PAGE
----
Apart from reward punishments, there are also motivations a dog needs – food, play, our care and praise, “life reward” – that keep him going. “Life reward” means that the dog can accompany you everywhere, because he follows every order. “You always and only reward good behaviours,” Coach Francis emphasized.

Voice modulation is also important in dog training. Since the dogs’ hearing is very sensitive, voice tone is modulated. Every change in voice pitch affects the dog’s actions, since every tone has a different meaning in the dog’s psyche.

By the end of the program, Coach Francis showed dog tricks his dogs can perform. One is the ‘sitting pretty,’ wherein the dog sits on her hind legs and waits for the cue from the trainer before doing certain acts. It was amazing how the dogs performed in sync with their owner.

I learned so much about dog training and about dogs in general. I encourage every dog owner out there to discipline their dogs through force-free dog training, since it is harmless, and it keeps both the owner and the dog happy.

This is my first time co-hosting and producing for radio, and it felt good. Coach Francis was a very good and informed talker, which is a good thing. I also liked the part when they brought Sophie and Serena inside the studio and showed how tricks are done. The experience was eye-opening, and it made me want to write about and fight for animal rights and welfare when I become a journalist in the future.

Dog Coach Francis with Sophie (black Labrador) and Serena (golden retriever):

Inside the radio studio, with me at the center:

Prof. Khrysta Rara with Sophie and Serena:

Sophie and Serena putting their pawprints on the guestbook:

Wednesday, October 15, 2014

Meet AFP's Top Bomb-sniffing K-9, Endo

By Kiele Brawner, Student Producer
Episode aired last September 24, 2014
Guest: Jimo Mantaring, UP Student and Pet Owner
            Sgt. Marlon Agena, K-9 Handler and Sgt. Danilo Ta-a, K-9 Trainer
            Endo, Top Dog (AFP K-9 Unit)

I was having dinner with my family one Saturday night, when I got a text informing me that I would be the next student producer for Kwentuhang Pets ATBP. My mind started to race as I thought of what I had to do in only three days’ time—decide on a topic, contact guest speakers, and write the script.

I had been anxious of this radio production since our Broadcast Journalism professor announced it at the beginning of the semester, and it was no secret why— I still hadn’t outgrown my fear of public speaking. I took some consolation in the fact that they wouldn’t be watching me live and in person; still the thought of all the loyal Kwentuhang Pets and DZUP listeners hearing my voice was nerve-wracking.

Initially, I wanted the episode’s topic to be about animals in captivity. With the recent passing of Tonka, the last killer whale in Ocean Adventure Subic’s captivity, and the beginning of the dolphin-hunting season in Japan, I thought it would make for a good discussion. I was still strongly outraged from watching the documentary Blackfish, and I wanted to inform people of the harmful and deadly effects of keeping animals captive. However with no available guest speakers and not much time left, I had to consider other options.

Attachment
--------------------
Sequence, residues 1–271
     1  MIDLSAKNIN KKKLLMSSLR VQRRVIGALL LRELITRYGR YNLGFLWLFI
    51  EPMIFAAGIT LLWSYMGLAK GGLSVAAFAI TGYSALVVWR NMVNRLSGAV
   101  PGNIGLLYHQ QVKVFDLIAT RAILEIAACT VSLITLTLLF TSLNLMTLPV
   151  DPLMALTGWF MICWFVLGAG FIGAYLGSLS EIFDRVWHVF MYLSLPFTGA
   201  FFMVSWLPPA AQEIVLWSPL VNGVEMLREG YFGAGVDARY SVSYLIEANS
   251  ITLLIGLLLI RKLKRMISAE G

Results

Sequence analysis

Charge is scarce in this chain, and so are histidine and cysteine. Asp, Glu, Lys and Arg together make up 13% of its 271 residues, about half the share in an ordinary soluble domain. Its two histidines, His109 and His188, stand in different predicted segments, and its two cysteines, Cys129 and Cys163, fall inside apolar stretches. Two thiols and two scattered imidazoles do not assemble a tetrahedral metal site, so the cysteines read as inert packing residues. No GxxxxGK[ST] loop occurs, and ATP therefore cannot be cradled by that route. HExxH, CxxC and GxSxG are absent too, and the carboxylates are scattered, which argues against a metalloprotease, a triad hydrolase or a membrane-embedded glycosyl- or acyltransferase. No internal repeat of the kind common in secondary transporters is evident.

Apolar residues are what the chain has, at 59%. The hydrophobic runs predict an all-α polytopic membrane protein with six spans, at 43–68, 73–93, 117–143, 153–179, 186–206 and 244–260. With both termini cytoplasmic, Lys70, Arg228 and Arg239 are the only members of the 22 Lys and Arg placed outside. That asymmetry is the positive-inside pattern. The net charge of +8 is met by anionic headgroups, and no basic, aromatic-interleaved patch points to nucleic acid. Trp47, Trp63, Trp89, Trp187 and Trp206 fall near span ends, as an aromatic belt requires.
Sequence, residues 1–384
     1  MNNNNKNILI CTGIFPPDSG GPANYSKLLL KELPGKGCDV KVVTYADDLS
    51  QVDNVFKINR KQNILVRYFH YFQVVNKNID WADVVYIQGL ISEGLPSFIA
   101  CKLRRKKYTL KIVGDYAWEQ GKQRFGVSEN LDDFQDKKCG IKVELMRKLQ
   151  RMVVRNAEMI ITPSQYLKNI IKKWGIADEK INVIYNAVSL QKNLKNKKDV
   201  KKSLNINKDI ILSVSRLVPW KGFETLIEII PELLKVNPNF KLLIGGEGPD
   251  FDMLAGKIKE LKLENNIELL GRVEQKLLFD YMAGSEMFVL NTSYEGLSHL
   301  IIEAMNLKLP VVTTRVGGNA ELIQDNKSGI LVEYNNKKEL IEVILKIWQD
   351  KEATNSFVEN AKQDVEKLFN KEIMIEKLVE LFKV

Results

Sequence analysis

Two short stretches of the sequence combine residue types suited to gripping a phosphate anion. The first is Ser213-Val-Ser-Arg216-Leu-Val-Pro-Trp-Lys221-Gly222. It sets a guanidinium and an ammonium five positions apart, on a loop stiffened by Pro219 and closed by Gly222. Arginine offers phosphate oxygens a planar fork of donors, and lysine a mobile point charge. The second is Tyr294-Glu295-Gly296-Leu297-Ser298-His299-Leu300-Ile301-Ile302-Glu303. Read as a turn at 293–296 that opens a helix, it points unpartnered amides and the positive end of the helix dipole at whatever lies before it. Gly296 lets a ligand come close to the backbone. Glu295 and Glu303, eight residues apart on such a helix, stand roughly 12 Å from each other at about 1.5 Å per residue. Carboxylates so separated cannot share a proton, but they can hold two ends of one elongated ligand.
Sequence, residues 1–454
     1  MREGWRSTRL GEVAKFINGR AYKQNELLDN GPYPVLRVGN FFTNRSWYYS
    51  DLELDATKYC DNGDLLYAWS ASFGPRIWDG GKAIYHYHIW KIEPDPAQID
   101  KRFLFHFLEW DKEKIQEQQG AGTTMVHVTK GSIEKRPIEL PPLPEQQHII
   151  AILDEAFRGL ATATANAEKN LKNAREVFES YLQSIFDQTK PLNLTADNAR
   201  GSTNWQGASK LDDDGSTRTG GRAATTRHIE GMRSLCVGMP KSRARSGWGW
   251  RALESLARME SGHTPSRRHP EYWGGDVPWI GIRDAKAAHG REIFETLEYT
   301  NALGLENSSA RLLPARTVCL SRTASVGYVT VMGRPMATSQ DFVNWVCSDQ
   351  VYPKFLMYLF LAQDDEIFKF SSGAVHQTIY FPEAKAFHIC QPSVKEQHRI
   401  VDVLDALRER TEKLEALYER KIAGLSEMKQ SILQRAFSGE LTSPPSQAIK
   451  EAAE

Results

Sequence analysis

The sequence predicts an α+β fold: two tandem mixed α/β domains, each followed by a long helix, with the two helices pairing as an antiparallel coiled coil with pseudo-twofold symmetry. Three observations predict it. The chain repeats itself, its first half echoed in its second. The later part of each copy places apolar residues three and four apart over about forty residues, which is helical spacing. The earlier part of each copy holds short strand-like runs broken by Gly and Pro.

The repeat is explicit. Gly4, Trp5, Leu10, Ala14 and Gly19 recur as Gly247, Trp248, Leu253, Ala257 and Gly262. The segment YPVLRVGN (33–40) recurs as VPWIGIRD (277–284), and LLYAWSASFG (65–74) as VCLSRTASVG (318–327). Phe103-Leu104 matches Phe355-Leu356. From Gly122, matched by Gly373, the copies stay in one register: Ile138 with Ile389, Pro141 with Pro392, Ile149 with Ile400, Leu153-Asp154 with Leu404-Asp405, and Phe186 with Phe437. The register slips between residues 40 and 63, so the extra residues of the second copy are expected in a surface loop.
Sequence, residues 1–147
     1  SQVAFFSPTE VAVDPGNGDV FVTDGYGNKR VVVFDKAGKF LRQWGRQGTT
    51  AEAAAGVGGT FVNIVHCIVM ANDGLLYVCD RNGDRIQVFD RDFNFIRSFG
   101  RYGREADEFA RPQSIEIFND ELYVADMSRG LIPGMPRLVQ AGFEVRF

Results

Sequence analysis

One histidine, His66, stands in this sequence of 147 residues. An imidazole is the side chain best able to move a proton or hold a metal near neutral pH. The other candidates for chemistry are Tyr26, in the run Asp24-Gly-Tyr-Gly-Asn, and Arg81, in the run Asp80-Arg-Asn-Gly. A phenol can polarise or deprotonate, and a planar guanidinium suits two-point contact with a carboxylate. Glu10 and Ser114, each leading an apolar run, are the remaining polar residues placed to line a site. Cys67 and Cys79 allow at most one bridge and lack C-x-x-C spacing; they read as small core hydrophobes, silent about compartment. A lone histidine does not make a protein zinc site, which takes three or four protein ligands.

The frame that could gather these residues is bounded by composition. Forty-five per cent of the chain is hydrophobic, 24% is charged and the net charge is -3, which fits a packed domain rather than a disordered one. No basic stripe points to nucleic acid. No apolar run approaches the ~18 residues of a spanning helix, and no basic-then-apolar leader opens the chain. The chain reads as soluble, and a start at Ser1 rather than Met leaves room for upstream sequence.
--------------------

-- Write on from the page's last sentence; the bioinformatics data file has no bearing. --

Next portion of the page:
What seemed to be a setback, appeared to be a blessing in disguise. By production day, we had the AFP’s top K-9, Endo, with us in DZUP together with his trainer and handler. The hour flew by as the members of the AFP K-9 team, shared their stories—from the everyday training in camp to their life-threatening missions all over the Philippines; delighting the listeners and the DZUP staff when they even conducted a bomb-sniffing test for us.

This episode on K-9 units definitely enlightened me, as I hope it did for the show’s listeners. I developed a greater appreciation for bomb-sniffing dogs after hearing the stories of how they, together with their handlers, risk their lives for the safety of ours. And of course, after seeing the charming Endo, so obedient and well behaved despite all the dangerous and life-threatening situations I can only imagine he’s been through.

Most people probably only encounter these dogs at malls and airports, just as I did before this episode. Some, maybe online in viral video clips and blog posts featuring dogs who finally are able to reunite with their handlers after a war. This episode of Kwentuhang Pets ATBP put those images in a local and more relatable perspective; it put a face behind the concept. Endo has white hair and his vision is starting to blur due to his old age. He is nearing retirement and he would soon step down. His glory days are almost over. Questions of where he would go, where he would stay, and who would take care of him were brought up in this episode’s discussion, as we found out that retired AFP dogs would usually live out the rest of their lives in a cage.

Prof. Khrysta Rara, who co-hosted the show, saw the opportunity to turn this situation into an advocacy. She expressed her concern, saying retired AFP dogs should be allowed to go home with their handlers to live out the rest of their lives in the company and care of a loved one. In an article she wrote on Endo (, she presented the idea and the possibility of civilians adopting these retired AFP dogs. Imagine my surprise when she told me that the head of CARA read her article, agreeing with and supporting her sentiments; and that a member of the Animal Kingdom Foundation legal council sent an e-mail regarding an Administrative Order currently in the works for these work animals.

The whole radio production experience was definitely a thrilling experience. After all, it’s not everyday that I can say I produced and co-hosted a DZUP radio show. And to make things more meaningful, it put the spotlight on some of our country’s everyday heroes and resulted in an advocacy. It’s great way to say thank you for the service of these K-9 units.

Missed this episode? Listen to it here!